Adversity teaches a man a lot about himself.
Win or lose or draw, you always go back and critique your performance and say you could have done things better. Even if I put the guy away in one round, I can go back and say I made a lot of mistakes and need to tighten up. But that's the type of person I am. Improve. Improve. Improve. When I lose I come back stronger than ever.
I've been the underdog my whole life.
Everybody has their own path. Everybody peaks at different times.
I feel like I've always been a great fighter but I'm learning the patience part of it and not getting overwhelmed with emotion and adrenaline and going out there and brawling like a maniac.
I'm not fighting just to fight. I'm fighting to be the world champ.
I'm chasing gold. And whatever fight can get me closer to being a world champion, those are the fights that I want.
I try to work on the small things.
It's MMA. Anything can happen. Nothing's for sure.
I'm not a quitter, man. Just look at my history.
I probably should have been fighting at 155 for a long time, but I was so close to the top at 145.
Cutting to featherweight took months of intense weight cutting and training. Going to lightweight, I can fight more often.
You can't just be only going to the gym when you sign a fight contract or you'll just be the same fighter every time, just more experienced.
I don't talk bad about people who I roll with.
Yeah I do think featherweight is done for me. It sucks because I worked hard and fought a lot of hard fights and did a lot of things right to move up the rankings and I have to abandon all that moving to 155 starting fresh.
No matter where I came from, I'm a fighter.
I think a lot of fighters are cutting way too much weight.
I'm proud of everything I accomplished in this sport.
There's always the pressure to win. That never goes away, but being a main event, I want to go out there and put on a great show for the fans and live up to being a main event. That doesn't really stress me out or pressure me anymore. The fight is enough.
Fighting comes down to who you are as a person. With B.J. Penn, he has no problems, not a hard upbringing and came up with money or whatever and he's just a fighter, he enjoys the fight and he refined his skills so I don't think it necessarily has to be a rough upbringing for guys to be great fighters.
My goal and path is always to get to the mountaintop and be a world champion, and leave a fighting legacy.
Fighting, you have to be selfish.
Grit, determination, the right amount of crazy, self belief - everything it takes to be a champion. I have that.
I knew I had the ability to become a world champion, I knew I did. I knew I just needed the opportunity.
I come from south Louisiana where everyone has a blue-collar work ethic.
People I grew up with, my family, work in the oil fields. Everyone works a labor job - construction, concrete. All we know is work. It's a physical culture.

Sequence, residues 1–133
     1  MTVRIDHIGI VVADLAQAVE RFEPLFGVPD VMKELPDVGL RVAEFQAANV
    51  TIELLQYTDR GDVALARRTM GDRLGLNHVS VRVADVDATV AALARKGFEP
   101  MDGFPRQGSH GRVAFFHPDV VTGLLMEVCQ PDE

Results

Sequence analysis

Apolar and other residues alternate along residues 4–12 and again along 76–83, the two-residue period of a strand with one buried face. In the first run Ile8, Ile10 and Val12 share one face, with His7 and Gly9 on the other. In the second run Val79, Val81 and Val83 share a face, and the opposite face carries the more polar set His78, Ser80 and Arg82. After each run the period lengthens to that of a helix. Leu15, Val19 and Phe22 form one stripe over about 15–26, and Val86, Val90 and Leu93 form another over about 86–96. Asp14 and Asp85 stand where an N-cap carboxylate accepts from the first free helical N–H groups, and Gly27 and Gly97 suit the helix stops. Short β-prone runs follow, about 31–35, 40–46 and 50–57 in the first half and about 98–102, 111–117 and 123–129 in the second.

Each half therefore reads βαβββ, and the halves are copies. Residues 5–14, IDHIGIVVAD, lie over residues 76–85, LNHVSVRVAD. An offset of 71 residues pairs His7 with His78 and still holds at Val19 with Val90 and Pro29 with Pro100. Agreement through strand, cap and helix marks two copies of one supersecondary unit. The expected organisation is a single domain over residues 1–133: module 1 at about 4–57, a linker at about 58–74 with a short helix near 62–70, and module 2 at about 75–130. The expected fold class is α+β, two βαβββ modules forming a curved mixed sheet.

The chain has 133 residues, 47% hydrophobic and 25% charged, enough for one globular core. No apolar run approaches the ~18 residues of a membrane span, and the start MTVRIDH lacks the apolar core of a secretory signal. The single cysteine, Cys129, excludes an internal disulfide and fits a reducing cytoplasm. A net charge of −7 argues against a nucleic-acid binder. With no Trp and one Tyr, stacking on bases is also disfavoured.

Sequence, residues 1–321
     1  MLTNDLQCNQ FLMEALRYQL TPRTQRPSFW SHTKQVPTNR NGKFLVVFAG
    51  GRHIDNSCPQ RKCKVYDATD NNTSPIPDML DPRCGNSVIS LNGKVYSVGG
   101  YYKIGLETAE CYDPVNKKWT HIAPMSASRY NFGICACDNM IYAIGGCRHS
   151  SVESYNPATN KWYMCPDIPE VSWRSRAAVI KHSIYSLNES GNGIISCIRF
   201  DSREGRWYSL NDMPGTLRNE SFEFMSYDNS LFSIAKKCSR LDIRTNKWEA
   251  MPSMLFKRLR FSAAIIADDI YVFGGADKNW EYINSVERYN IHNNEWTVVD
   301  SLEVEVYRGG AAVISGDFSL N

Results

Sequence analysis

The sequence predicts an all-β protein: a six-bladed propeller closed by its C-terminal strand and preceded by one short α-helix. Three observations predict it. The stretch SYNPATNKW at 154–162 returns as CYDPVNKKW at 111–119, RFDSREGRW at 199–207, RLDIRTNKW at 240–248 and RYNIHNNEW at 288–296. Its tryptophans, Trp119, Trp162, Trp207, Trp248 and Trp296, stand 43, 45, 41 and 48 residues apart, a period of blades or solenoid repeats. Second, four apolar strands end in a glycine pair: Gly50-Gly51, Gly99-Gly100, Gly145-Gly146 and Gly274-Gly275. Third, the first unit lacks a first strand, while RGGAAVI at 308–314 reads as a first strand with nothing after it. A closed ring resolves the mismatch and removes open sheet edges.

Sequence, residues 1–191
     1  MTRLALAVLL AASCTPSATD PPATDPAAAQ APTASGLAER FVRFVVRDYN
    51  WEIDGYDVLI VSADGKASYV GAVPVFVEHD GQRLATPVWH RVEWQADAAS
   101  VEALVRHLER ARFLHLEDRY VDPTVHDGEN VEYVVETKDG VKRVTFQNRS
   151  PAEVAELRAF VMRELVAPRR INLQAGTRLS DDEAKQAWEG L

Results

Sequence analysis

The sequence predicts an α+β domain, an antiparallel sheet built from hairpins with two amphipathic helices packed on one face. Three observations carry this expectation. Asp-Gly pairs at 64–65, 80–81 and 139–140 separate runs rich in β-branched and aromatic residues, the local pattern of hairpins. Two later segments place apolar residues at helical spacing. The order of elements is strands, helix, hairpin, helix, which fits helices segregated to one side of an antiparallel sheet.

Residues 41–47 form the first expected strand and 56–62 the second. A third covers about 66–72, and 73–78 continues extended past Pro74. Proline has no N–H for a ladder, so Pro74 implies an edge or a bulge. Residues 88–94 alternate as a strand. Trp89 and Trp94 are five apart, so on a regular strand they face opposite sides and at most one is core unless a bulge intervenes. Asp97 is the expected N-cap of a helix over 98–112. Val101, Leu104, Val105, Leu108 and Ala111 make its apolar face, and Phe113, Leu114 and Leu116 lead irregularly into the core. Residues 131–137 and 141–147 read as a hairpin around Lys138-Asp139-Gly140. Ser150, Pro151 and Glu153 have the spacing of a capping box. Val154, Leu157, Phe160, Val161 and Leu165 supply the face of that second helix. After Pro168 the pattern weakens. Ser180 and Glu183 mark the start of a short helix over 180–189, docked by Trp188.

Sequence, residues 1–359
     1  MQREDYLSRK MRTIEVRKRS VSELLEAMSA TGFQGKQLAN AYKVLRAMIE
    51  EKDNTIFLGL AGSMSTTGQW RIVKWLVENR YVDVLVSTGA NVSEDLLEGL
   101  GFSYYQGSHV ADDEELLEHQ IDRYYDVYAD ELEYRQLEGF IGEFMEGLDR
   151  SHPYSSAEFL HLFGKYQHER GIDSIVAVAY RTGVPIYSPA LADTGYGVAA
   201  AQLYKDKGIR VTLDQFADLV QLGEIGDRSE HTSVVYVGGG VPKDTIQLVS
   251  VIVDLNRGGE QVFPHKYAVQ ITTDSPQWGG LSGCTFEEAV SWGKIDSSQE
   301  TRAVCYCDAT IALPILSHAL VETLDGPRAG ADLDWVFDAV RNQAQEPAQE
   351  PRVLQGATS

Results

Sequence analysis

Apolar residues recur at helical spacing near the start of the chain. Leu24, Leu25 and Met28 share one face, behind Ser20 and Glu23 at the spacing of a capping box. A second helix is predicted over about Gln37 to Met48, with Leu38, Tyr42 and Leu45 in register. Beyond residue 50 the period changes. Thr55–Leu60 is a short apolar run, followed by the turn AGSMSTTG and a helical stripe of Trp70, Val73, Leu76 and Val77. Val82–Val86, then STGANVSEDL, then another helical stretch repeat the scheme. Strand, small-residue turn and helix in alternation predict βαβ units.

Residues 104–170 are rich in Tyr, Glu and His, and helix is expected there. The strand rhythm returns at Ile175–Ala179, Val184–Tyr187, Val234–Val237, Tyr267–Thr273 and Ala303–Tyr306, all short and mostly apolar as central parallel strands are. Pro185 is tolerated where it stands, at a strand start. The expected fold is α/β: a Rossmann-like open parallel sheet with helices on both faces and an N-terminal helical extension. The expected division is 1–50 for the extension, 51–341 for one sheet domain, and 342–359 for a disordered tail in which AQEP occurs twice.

I feel like everybody's who fighting, young fighters and still learning and growing, that should be their goal - to be the UFC world champion.
It's not hard to look great against a guy who isn't moving a lot.
Every fight is like a different landscape of what you go through. But sometimes it's small injuries. Sometimes it's lessons you walk away with. Every fight is different but they all hurt, for sure.
Winning solves everything.
I'm a complete fighter and I'm not scared, I'm very willing to use every part of the game to get the win by any means necessary.
If a champ has to take a long layoff then I think that's the only time interim titles should be introduced to the division.
Now I'm with the American Top Team, I'm a better fighter, I'm a more patient fighter, I've improved in every aspect.
This sport is a crazy thing, and what happens, it's unpredictable.
Those deep, dog fights - I love that. That's why I fight.
The cut made me hate the process of getting ready for a fight. I was focused on how to make weight instead of how to beat my opponent.
I'm not the same fighter I used to be.
I'm not really chasing rematches.
I want to fight the fights that fans want to see.
I want to fight for the real belt, not the interim title.
The way I feel, I'm the best in the world.
I'm the kind of guy that grows, and that's what I do everyday in the gym. Work on new stuff and stay relevant.
I think I fought my first fight in Zuffa in 2010.
I've said it before, I'm not a matchmaker, I don't call the shots. I just prepare and fight the guys after I sign the contract.
Of course every fighter, whether they admit it or not, they have aches and pains and they go into fights hurt.
I'm not a matchmaker, I don't know the logic behind the decisions they make.
If you're training for a fight, you're going to be pretty much, there's going to be days where you're hurting.
Normal pain is no problem, that just comes with the job.